Loneliness Is a Recurring Theme of 'of Mice and Men'

Topics: John Steinbeck, Of Mice and Men, Great Depression Pages: 9 (3299 words) Published: October 19, 2010
Coursework- Of Mice and Men

Loneliness is a recurring theme of 'Of Mice and Men' written by John Steinbeck. The theme of loneliness reflects the historical, social and cultural aspects of the text through many different ways, the two main ones being character and setting.

This novel is a reflection of what was happening in America at the time, known as the Great Depression, which was a result of the Wall Street Crash, which came about in 1929. The 1929 Wall Street Crash occurred when financial uncertainty spread after an artificial boom in share prices, frightened investors ordered their broker to sell at any price. 30 million shares were traded in the space of five days, causing the stock market to collapse. Inflations also increased rapidly and the US financial market crashed. Due to this unemployment came about resulting in migrant workers. Men mostly travelling alone, migrating from ranch to ranch, working for any pay. Showing us the economic situation, which is represented in George and Lennie's situation. Being migrant workers travelling from ranch to ranch. For example coming from weed their previous work place to the new ranch, which is miles away, ready to work at any pay.

Even though George and Lennie travel together, they still portray loneliness. George has the responsibility of Lennie and can't really have a conversation with him, as Lennie has a mentally slow mind, known as 'child like', along with a weak memory. This intellectual and social isolation. Lennie is isolated because of his mental disability. They leave Lennie behind, when the rest of the ranch workers go into town. Furthermore, the insecurity of Lennie is shown when Crooks talks about George leaving Lennie, "George wouldn't do nothing like that!" This shows antagonism of Lennie by Crooks. Crooks at this point is representing society, as Lennie is mentally disabled. Crooks being a social victim himself because of race, shows that the loneliness created Crooks to victimise another outcast of society, in this case Lennie.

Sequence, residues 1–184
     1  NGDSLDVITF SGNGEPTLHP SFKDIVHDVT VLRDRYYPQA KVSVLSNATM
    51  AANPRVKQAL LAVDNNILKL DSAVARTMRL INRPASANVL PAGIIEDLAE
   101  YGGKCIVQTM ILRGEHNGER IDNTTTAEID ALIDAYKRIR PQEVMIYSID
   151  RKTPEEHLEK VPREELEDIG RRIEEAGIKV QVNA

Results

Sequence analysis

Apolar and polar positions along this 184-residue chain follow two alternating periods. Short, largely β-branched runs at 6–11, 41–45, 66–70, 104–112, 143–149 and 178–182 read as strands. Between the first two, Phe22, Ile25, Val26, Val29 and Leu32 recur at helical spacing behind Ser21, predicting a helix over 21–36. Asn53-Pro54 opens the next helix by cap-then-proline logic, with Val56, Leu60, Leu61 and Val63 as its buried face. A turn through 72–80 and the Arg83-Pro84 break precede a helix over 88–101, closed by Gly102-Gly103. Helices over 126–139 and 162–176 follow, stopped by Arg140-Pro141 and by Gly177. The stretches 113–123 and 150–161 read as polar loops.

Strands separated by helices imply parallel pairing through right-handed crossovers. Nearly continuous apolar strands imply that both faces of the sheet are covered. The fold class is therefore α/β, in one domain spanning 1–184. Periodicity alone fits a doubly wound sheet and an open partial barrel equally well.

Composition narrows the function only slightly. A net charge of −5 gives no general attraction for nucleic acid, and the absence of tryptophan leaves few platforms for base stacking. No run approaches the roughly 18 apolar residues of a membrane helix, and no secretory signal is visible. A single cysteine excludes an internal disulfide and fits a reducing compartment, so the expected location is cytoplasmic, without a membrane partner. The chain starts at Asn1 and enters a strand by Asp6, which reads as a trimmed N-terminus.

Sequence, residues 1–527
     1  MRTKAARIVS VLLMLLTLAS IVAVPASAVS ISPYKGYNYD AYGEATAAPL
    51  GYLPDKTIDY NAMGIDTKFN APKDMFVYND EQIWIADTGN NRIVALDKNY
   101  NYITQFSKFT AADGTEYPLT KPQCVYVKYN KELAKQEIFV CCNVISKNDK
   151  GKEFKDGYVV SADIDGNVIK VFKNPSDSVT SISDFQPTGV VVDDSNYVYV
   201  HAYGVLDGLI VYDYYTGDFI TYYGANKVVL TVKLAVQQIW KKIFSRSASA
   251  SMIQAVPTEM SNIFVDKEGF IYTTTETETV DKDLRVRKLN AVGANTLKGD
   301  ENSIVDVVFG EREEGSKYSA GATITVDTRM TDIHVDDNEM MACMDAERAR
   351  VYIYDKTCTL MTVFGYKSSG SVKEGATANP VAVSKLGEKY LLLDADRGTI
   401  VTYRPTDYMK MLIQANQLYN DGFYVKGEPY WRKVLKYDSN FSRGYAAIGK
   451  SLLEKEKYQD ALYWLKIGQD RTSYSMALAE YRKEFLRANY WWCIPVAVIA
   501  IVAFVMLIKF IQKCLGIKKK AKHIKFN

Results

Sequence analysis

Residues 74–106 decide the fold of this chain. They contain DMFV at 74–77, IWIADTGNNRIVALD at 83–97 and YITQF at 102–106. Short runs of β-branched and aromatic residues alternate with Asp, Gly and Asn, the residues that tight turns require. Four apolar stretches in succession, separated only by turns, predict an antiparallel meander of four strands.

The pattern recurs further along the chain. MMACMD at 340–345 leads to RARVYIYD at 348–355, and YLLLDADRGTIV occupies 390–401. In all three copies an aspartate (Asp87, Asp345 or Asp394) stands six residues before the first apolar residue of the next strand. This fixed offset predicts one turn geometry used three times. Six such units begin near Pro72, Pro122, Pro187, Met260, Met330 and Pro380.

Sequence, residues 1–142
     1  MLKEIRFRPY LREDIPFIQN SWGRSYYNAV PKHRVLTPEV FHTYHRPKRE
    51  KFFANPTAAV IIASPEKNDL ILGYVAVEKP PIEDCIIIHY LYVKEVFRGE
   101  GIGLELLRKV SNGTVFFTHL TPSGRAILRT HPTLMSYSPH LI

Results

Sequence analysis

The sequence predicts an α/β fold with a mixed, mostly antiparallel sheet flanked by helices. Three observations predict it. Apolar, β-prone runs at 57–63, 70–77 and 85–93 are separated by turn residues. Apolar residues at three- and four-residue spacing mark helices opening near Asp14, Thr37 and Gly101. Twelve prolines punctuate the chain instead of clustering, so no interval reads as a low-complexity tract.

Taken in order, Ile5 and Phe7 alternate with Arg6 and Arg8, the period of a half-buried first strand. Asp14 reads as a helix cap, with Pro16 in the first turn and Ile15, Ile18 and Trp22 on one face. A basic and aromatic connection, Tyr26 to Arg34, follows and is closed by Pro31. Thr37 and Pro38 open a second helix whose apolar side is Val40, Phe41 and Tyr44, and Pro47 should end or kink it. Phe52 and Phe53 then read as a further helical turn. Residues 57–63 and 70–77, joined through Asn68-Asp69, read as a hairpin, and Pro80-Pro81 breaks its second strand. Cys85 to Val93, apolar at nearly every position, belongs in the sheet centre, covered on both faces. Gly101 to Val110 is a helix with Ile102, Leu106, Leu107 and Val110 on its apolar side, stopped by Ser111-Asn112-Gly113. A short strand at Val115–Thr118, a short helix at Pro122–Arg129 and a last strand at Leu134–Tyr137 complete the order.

George and Lennie are friends who go around together everywhere, "We got somebody to talk to that gives a damn about us," as says Lennie, but George is still lonely because Lennie is more of a responsibility than a companion, he is described in an animal like way, suggesting he has to be looked out for and looked after. This clearly shows that isolation had become wide spread through America. Everyman stood for himself and even though George had Lennie, he was still part of the loneliness that everyman suffered from in America at the time.

Every character in some way portrays loneliness. While Slim talks to George of the rarity of guys travelling together and being friends he expresses that he thinks, "…everybody in the whole damn world is scared of each other." Either way it shows us that society was scared of being ruled by one, either one race, gender etc. The only way for survival was to isolate oneself and not trust anyone.

Crooks is isolated in the barn, being the only black person on the ranch. Curley's wife is isolated being the only female on the ranch. Candy is old and disabled, his only friend, his dog and the death of his dog leaves him in desolation. These three were the main types of people facing social discrimination.

Crooks is isolated in the barn, despite having a name he is referred to as the 'Nigger', showing the lack of respect for his individual identity. Fir example when Candy was referring to a previous event, he talks about him as "...they let the nigger come in that night". This demonstrating racial discrimination of the 1930's in two ways. One calling him 'Nigger' and two by the very speech itself, 'come in that night' stating he isn't wanted and usually pushed out, so letting him 'come in' was a huge issue. Crooks isolated him self so he doesn’t have to endure the negativity. He doesn’t try to be liked or mix with the others because he knows how he shall be treated by them. The reason...
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